Clipped From Harrisburg Telegraph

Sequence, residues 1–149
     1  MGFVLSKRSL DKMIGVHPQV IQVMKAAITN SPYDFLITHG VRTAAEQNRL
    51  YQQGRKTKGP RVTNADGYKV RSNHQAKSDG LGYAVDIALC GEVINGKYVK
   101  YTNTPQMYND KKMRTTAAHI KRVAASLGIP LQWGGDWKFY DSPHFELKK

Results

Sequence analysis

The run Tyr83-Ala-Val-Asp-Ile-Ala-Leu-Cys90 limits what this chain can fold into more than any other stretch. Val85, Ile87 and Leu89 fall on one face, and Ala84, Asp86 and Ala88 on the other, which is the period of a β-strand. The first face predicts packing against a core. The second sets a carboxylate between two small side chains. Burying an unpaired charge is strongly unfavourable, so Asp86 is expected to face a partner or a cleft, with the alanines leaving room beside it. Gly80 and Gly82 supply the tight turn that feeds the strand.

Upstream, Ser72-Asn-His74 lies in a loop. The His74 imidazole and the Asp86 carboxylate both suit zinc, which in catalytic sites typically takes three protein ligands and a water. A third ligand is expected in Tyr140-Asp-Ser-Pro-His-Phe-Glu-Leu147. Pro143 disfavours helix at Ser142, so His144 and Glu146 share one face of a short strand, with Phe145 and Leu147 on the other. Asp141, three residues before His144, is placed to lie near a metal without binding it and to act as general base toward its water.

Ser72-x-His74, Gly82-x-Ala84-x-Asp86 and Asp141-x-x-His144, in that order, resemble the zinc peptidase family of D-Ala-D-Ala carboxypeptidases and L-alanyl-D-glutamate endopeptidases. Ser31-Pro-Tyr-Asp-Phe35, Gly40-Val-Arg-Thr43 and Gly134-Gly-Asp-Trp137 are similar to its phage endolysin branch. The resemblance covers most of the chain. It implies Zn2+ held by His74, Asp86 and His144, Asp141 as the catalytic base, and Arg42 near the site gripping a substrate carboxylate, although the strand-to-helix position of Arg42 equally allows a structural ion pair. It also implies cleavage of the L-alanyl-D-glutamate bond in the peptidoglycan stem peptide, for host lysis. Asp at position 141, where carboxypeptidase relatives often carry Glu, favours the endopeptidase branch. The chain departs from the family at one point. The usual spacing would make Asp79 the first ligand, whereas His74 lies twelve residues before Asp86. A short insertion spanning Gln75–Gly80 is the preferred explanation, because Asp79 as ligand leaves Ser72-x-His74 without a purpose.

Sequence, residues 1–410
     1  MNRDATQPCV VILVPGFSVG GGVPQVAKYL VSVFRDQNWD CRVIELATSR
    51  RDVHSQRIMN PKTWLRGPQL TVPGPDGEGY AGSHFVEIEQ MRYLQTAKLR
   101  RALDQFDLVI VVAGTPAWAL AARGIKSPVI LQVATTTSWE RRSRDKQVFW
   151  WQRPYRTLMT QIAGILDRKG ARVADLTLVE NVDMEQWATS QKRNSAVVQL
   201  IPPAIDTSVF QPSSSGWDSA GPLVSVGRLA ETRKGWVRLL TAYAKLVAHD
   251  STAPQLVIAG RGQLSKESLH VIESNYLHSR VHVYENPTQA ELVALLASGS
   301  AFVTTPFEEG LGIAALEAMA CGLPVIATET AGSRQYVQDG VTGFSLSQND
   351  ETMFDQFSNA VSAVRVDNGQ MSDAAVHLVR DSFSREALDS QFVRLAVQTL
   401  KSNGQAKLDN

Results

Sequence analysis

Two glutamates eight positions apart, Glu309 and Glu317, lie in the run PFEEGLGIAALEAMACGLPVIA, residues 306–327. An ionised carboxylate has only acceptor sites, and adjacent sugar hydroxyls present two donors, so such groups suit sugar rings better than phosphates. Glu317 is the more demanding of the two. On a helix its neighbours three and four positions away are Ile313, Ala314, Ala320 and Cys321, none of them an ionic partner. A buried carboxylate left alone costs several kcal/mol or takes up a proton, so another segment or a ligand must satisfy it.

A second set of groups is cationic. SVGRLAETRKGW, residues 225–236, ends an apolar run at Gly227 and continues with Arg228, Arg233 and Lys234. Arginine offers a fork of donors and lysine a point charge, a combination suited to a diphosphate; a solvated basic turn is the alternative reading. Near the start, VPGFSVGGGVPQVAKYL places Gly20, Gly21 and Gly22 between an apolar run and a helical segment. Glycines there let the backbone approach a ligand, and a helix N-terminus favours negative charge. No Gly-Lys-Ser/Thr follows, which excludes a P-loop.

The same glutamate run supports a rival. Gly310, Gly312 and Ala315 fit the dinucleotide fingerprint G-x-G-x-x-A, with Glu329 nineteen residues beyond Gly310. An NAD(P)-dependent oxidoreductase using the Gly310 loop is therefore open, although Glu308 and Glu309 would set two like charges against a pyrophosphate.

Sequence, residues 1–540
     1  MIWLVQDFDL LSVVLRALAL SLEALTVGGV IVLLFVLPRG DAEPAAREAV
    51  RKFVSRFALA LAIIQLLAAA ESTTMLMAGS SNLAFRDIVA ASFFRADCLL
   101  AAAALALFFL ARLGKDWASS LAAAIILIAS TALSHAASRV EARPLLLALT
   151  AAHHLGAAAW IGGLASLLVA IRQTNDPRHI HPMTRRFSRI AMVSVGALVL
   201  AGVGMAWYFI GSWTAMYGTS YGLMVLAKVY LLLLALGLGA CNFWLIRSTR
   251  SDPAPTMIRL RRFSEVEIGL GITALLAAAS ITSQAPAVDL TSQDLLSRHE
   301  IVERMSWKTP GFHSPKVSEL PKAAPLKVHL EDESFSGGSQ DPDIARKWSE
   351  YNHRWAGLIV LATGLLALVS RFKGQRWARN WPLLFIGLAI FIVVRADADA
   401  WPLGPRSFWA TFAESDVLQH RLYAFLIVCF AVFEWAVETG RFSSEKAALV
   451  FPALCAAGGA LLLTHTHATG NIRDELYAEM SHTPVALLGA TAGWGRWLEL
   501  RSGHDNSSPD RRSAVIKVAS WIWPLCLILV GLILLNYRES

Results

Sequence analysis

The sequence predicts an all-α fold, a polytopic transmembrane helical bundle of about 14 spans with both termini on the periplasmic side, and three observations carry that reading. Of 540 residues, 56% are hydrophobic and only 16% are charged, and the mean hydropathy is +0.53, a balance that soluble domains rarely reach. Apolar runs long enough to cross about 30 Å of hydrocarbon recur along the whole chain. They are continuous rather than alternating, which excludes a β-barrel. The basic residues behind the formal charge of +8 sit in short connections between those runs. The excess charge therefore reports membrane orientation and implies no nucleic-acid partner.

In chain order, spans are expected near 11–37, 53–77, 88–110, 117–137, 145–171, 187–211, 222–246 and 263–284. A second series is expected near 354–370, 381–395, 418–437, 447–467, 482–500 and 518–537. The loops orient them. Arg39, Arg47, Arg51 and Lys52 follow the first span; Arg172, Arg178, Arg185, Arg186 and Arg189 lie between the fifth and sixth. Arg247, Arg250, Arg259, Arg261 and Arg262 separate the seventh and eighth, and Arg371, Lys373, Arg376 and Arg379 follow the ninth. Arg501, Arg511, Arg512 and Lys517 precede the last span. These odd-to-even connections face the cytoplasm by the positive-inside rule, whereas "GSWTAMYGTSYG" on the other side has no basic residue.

10 TUESDAY EVENING SIX HORSE BELL TEAMS PLACE IN HISTORY John Omwake,' of Old Cumberland Family, With Aid of Harrisburger and Others Compile Fascinating Book A scion of the family of Omwake, long prominent in the Cumberland Valley, has compiiea ana pnntea an interesting volume entitled, "Conestoga Six - Horse Bell Teams. 1750 - 1850." Greencastle is the an - ; cestral home of the Omwake family and the boys are John, head of the United States Playing Card Company, of Cincinnati; William T.. an attornev. at Waynesboro: James Edward, prominent at Greencastle; Jeremiah S.. an attorney, of Ship - pensburg; Gtorge Leslie, president of Ursinus College, and Howard Ru - fus. dean of Franklin and Marshall College and formerly of the Harris - burg Academy staff. This particular book on the old six - horse bell teams nas Deen compiled after considerable research by John Omwake. of Cincinnati. It is an admirably - illustrated volume and was compiled for private distribution. Those older grown will recall, the famous Conestoga wagons which are still among the relics of some farms in the Cumberland Valley. Mr. Omwake gives credit to H. C. Trey, of Harrisburg; H. K. Landis, of Lancaster, and Miss Catherine P. Har - grave, of Cincinnati, as collabora tors. Gives Origin A glance at the table of contents shows what is contained in mis in terestin publication. First is told the origin of the Conestoga wagon and its name, then is related some wagons belonging to the Dutch settlers at the foot of the Blue Ridge mountain, the farm wagon at Mount Vernon, and others in the Province of Pennsylvania, some Conestoga wagons during the Revolutionary period and following that struggle, the Conestoga wagon bells, Conestoga six - horse team and harness, and Conestoga wagons and wagoners in Franklin county. Those were the days when horses were likely caparisoned with fancy harness and jingling bells on each. Wesley Kuhns. of Franklin county, an uncle of the author, was owner of a six - horse bell team and is still a happy memory. Wesley operated a big farm near Greencastle and after the Civil War was one of the few who kept up their Conestoga bell teams to "je brought to town on election day and on other public occasions. ' At Peak Century Ago It is stated in the preface that one hundred years ago wagoning Removes Painful CORNS Root and All Out to Stay Radox is this marvelous new treatment jut soak your feet every night for 3 or 4 nights in a mightily refreshing, pain - relieving, revitalizing Radox Footbath the oxygen which Radox liberates so loosens your corns that they can be lifted aut bodily, roots and all. Callouses eo. too! Get a package of Radox at Golden Seal Drug Store, Square Cut - Rate Store or any drugstore make your feet strong, healthy and vigorous again walk and dance with joyous abandon! f 1 Keep "Undies" New and Fresh with Remarkable New Tints TAKE onlv 40 seconds to dissolve New INSTANT RIT in your wash bowl and see latest Parisian shades for your underthings appear as if by magic. These new tints last through many extra washings. An exclusive German formula makes colors penetrate to every fiber of the material. Mere "surface tinting can t compare. AH colors are absorbed quickly, evenly. They are dearer, richer . , exactly like new. 35 lovely colors for: Lingerie Curtain Hosiery Children's ootbea Drestes Scarfs, gloves, etc At your druggist or department ftere. 15c lor the larger size. WHITE RIT Color Rcimvct (Hamka M Baling Water) Any color, ma black, eomplctehrfa. muiul from all material by WHITE KIT (color remover). Alto takes apots aaid aTatnatiuiu wliile aood"TCPmt, Eiuil pcnpiratioQ. rvat. etc Keatorea eBpwed or grayed to I was at its height and on the Conestoga trail the road from Philadelphia to Pittsburgh were fleets of the great white - top wagons. These passel through Harrisburg and along the Susquehanna and Juniata rivers to the west Some carried six or eight ton loads of provisions and necessaries for the western country and the return cargo included furs and skins, flour and wheat for the eastern markets. Other wagons carried families going to the new country to make their home. Mr. Omwake has found references to the old Conestoga wagons in quite a few museums and historical societies. The Conestoga wagon, he says, was a perfect vehicle for then existing conditions and the highest type of a commodious freight carrier that has ever been known. Most of the material for this book has come from the Conestoga Val ley in Lancaster county where the wagons had their beginning. He concludes his preface thus: Even standing silent in a dimly - lit barn the sturdy old wagon is splendid and impressive. With Its six great slick horses and the chim ing bells it was the embodiment not only of the American traditions of strength and purpose but of the jov of life. Perhaps Mr. Stevenson was thinking of it when he wrote Its better to travel hopefully than to arrive and true success is to labor. - The probability is that the first Conestoga wagons were modified English - covered wagons suggested by those of the English settlers in Chester and Delaware counties. They were strong and serviceable. The excellence of the wagons made in the Conestoga Valley of Lancaster county caused the name to become famous throughout the country and the wagons were known as Conestogas. They were designed and built by local wheelwrights of swamp oak. white oak, hickory, locust, gum and popular from the neighboring woodlands and were ironed by the "village blacksmith All of the work was done by hand The wagon bed was long and deep and was given considerable sag in the middle, both lengthwise and crosswise, so that should the load shift it would settle toward the center and not press against the end gates. .Named For Indians With the clearing of the land and the making of roads and interior settlements it became necessary to develop a large type of horse capable of farm work and of hauling heavy loads long distances. - i Conestoga Creek in Lancaster county was named for the Indians who lived along its banks. They were of Iroquoian stock in the lower Susquehanna and about the head of Chesapeake Bay. Mr. Omwake has unearthed much of historic inter est in this book and his contribu tion to the permanent history of the State is important. Mention is made of Christian Noecker, a farmer of Dauphin county, who July 4, 1776, arrived in Philadelphia with a wagon load of farm produce. Leaving his chickens and butter and eggs and other produce in the market he joined the crowds who stood in the streets waiting to hear what Congress was doing about the Declaration of Independence. Nevin W. Moyer, of Linglestown tells how his great - great - great - great - grandfather, Valentine Moyer, was master of the wagon train, and his son Philip, one of the wagoners during the hard winter at Valley Forge. It is only because they knew the road so well between Philadelphia and Valley Forge that they were able to get their supplies safely to the suffering army. Tavern Signs Illustrated Among other illustrations in the book are tavern signs of the Revolutionary period and some very impressive six - horse teams drawing Conestoga wagons. One of these shows a Conestoga wagon unloading bullion at the United States Treasury at York. The bells which jingled over the heavy horses were fastened on a rack attached to the wooden hames. There are also pictures showing ths old - time covered bridges and stories of the countryside through the Cumberland and Lebanon valleys. A feed box was carried on - the tongue of these Conestogas. One writer tells of setting out in Jan uary from Lancaster and proceeding along the Harrisburg road at a steady .pace of about three and one - half miles an hour. At this time the turn pike from Lancaster to Harrisburg was not yet finished. The road followed the Susquehanna river. At this time the writer says the road' from Harrisburg to Car lisle was fine and level. Througn - out the book there are interesting stories of trips in the Conestoga wagons. One of these was built at Middletown in 1813 and is now in the collection of historical vehicles owned by the Baltimore and Ohio Railroad Company. Details are given in the several chapters of the construction of these unusual wagons, the materials used and how efficient they were in the eaerly pioneer days. An interesting feature of the book is illustrations of famous hotels and taverns with unusual signs that gave them their reputation. A fine painting of a Conestoga wagon is to be seen in the rooms ofthe Pennsylvania Historical Society. Included in the book are reproductions of advertisements of the period, telling of the arrival and departure of the Conestogas. Also, is a story with Illustrations of the old portage railroad across the Alle - gbenies.